Toronto Mayor Rob Ford says he supports a TTC decision mandating the "departure" of the commission's long-serving general manager.

The decision to sack the TTC's Gary Webster on Tuesday afternoon marks the most high-profile casualty of a contentious debate over the city's transit future.

Following the controversial decision to dump Webster, Ford thanked the long-time bureaucrat for his service.

"He was an important element in the organization's many successes to date and can proudly point to a list of accomplishments," Ford said of Webster in a press release.

Webster's firing comes after he failed to back the mayor's plan to build subways on key routes like Eglinton and Sheppard Avenues.

Webster had instead advocated for a plan that would put surface rail along those routes.

The TTC's nine commissioners, five of them Ford allies, voted on a resolution to fire Webster on Tuesday afternoon, following a three-hour closed-door meeting. The vote passed 5-4.

"This is not how I expected it to end or how I wanted it to end, but clearly the choice has been made to replace me as the chief general manager and I accept that," said Webster.

"I want it to be clear that I'm very proud of the Toronto Transit Commission, it's a great organization."

Less than two hours later, Ford said that the city must look to the future.

"But, it's time for the organization to look forward. The Commissioners tell me this. Councillors tell me this. The general public -- and subway, streetcar and bus passengers all tell me it's time for change."

The move to dump Webster comes nine days after city council voted in favour of a light rail transit plan and against Ford's plan to focus on moving more transit underground.

At that meeting, council voted 25 to 18 in favour of TTC chair Karen Stintz's light rail-based plan shunned by Ford when he was elected mayor in 2010.

Ford had asked councillors during the meeting to step back and take time to make an informed decision on transit in Toronto, but councillors voted down that suggestion.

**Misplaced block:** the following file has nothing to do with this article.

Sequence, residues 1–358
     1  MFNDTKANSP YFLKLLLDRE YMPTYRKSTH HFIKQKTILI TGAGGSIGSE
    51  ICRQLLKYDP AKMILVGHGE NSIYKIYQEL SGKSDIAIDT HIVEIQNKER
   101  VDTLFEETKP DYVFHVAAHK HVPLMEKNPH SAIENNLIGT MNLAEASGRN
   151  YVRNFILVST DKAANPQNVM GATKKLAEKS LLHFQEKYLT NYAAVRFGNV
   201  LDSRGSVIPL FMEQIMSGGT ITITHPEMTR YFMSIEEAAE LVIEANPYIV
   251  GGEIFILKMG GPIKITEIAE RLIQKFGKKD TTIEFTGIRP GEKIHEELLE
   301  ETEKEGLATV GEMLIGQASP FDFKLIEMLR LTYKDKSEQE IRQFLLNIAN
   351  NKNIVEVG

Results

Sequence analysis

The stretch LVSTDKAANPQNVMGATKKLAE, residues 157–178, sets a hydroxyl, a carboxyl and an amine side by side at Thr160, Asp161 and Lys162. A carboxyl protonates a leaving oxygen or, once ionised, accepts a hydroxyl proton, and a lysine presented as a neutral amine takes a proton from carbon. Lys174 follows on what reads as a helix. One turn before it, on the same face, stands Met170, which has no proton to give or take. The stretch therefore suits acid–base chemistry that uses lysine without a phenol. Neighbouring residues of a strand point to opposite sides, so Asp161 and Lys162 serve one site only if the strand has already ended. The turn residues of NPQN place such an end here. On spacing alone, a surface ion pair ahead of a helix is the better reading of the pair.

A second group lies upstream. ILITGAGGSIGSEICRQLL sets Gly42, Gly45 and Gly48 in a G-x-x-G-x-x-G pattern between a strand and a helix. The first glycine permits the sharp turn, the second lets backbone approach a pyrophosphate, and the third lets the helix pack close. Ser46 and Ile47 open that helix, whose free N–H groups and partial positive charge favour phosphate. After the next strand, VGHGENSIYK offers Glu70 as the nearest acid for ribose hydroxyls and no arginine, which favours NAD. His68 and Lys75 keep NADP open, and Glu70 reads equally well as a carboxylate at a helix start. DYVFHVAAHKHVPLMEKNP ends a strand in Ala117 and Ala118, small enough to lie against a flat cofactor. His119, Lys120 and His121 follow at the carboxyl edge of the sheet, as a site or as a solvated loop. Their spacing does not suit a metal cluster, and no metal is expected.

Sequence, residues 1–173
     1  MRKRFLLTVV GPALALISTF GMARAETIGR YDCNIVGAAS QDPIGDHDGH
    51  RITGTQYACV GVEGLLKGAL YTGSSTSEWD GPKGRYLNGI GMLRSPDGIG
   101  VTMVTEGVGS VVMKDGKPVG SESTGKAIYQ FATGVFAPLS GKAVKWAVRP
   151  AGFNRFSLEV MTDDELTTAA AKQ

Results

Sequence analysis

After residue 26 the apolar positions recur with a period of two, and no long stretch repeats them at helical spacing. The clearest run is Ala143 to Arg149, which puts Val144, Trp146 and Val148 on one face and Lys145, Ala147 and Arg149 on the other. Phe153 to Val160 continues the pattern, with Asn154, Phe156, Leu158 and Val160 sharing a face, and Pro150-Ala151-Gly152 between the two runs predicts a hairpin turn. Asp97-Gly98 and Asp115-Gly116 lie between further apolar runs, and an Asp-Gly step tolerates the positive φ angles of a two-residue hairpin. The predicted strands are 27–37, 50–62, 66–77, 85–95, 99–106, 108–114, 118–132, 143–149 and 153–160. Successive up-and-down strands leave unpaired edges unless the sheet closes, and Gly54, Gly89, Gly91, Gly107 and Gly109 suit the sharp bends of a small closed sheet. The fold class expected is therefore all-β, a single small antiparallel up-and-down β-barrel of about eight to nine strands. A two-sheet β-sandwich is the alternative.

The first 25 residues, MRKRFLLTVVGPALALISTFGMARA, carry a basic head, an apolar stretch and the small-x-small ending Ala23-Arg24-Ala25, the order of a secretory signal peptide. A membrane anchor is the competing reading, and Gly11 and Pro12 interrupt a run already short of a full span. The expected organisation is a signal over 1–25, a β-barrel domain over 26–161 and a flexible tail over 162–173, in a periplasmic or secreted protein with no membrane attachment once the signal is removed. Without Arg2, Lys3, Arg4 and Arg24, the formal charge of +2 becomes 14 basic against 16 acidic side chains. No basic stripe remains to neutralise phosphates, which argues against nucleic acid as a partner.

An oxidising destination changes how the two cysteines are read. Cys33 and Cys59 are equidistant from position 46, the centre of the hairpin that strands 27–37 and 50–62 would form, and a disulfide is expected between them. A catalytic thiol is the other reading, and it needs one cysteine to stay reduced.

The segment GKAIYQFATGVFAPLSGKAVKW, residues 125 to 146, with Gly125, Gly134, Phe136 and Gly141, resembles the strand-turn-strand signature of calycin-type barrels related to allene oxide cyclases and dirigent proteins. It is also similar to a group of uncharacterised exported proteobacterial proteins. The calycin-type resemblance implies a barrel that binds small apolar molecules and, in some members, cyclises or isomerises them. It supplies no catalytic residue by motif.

Ford's allies on the committee who voted to fire Webster are Frank Di Giorgio, Denzil Minnan-Wong Norm Kelly, Vincent Crisanti and Cesar Palacio.

As the vote came down, Di Giorgio said that Webster's firing had nothing to do with his work as the TTC general manager.

"His performance or his integrity is not an issue for me," he said, noting that top bureaucrats should perform tasks consistent with the mayor's vision.

Commissioners opposed to the Ford TTC contingent, like Coun. Maria Augimeri, chastised the vote.

"You are kicking success out the door," she said in an emotional speech. "What are you thinking?"

Following the vote, Stintz said that the commission will continue to focus on ridership and delivering timely service for riders who depend on the TTC.

"It is also important that we remind ourselves that this is a without-just-cause decision," she said.

"But I think the values that we share are shared by Gary Webster and those values will survive this decision."

Webster's contract was due to expire next year, and there is no one in line to replace him as of yet.

Earlier, Stintz said there was no reason to fire Webster.

"At the meeting of council, the general manager gave his professional advice to council; council chose to accept that advice and now we are presented with a special meeting of the commission to potentially replace him," Stintz told reporters.

Stintz said the board would be foolish to fire the long-serving general manager noting that it would cost the city some $500,000 to replace Webster.

Trained as a civil engineer, Webster has been at the TTC for 35 years. He earned nearly $282,000 in 2010.

Meanwhile, Ontario Premier Dalton McGuinty said the province is losing patience over the transit debate and called on the key players to make a decision.

"I can say that we are running out of patience. I think the people of Toronto are running out of patience," he told reporters. "The time for talk is coming to close to an end."